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BEACHWOOD, Ohio –Aug. 23, 2018– The City of Beachwood’s new Public Safety Center, opening Sun., Aug. 26 with a ribbon-cutting at 11:00 a.m., is a testament to the power of collaboration.
Beachwood Fire and Rescue Department Chief Patrick J. Kearns, Captain Philip L. Corpora, and Firefighter Gregory Liggett led a team that toured fire stations across the country to determine the features required to keep the fire and rescue forces healthy and efficient. Architects LeMay Erickson Willcox shared their fire-station expertise to develop a Public Safety Center that will serve Beachwood for at least the next 40 years. And Beachwood Police Department (BPD) agreed that moving the dispatch center from their crowded BPD offices to the new building would allow more room for dispatchers, while saving money by combining the fire station and training facility with the new dispatch center.
It is also a testament to long-term planning. The City of Beachwood, then led by Mayor Merle S. Gorden, bought the parcel at 3777 Richmond Rd. at Park East Drive in 1999, with the intention of using the land for a future municipal building as the area developed.
Nine years later, discussion began about building a new fire station. This came about because Beachwood’s first fire station, located on Chagrin Blvd. at Fire Station Dr., was built in the early 1970s to support a squad of volunteer firefighters, who came to calls from elsewhere and slept at home. As such, the original station lacked many typical features required for modern professional firefighters, who live at the station during their 24-hour work shifts.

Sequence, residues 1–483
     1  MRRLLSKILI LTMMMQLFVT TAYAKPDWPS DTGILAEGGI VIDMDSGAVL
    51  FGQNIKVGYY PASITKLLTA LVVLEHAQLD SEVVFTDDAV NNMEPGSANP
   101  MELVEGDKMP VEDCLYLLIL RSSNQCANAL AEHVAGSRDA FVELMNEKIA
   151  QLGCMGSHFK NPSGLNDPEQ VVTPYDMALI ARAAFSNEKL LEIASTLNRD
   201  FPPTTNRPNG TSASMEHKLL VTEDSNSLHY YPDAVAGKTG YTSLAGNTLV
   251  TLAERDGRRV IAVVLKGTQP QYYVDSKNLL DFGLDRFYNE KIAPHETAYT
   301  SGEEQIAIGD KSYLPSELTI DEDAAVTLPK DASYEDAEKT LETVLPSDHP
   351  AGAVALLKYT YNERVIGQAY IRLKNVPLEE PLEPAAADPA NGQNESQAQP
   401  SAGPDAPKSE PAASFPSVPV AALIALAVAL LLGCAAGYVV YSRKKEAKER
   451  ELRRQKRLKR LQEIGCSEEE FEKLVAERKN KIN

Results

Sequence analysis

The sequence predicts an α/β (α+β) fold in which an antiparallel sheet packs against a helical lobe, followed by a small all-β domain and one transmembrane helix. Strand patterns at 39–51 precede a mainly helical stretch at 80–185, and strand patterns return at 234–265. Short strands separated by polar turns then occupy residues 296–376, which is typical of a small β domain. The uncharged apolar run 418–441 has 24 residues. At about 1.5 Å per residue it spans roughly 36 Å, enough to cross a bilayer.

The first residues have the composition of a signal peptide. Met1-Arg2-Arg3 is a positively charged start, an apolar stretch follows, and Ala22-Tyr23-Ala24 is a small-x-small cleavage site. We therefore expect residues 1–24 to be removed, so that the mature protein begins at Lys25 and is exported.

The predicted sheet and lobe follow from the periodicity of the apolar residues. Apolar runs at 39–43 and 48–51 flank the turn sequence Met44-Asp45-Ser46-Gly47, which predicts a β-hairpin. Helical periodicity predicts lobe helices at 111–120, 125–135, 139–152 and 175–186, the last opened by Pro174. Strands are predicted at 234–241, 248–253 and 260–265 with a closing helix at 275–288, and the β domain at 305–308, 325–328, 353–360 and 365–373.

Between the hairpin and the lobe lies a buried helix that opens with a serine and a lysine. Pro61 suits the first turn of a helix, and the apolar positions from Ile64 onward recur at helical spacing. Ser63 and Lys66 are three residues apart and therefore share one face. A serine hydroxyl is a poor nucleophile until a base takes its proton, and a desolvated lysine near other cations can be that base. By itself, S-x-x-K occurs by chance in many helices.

In 2012, a committee was convened to determine requirements and best practices. The groundbreaking occurred in 2017, after the construction was approved by City Council.
Now, the Public Safety Center is opening with a ribbon-cutting and celebration for the public on Sun., Aug. 26. The ribbon-cutting will occur at 11:00 a.m. and tours of the facility will continue until 2:00 p.m. Four-footed members of the Western Reserve Dalmatian Club will attend (with their bipedal counterparts) to ensure that firefighters’ best friends have the opportunity to approve the new building. There will also be an ice-cream social featuring Mitchell’s Ice Cream and popcorn treats from crazybuttrue gourmet popcorn.
Fire Station Features
Form and function were the watchwords throughout the design process. The entire building has triple-redundancy power through a battery back-up, then an external generator, and then, if that were to fail, a mobile generator can plug into a building outlet to power the entire building.
The entire facility features Hot-Zone Design, which ranks locations by Hot, Warm, and Cold zones based upon location of contaminants. Firefighter turn-outs —exterior clothes worn over their uniforms during firefighting— are stored and washed in a Hot zone, far from the living quarters. ADA-compliant ramps from the bay floor to the living area help to separate fumes from breathable air, and the living quarters and administrative areas are positively pressured to push air out toward the bay, repelling fumes and keeping them in the Hot or Warm zones.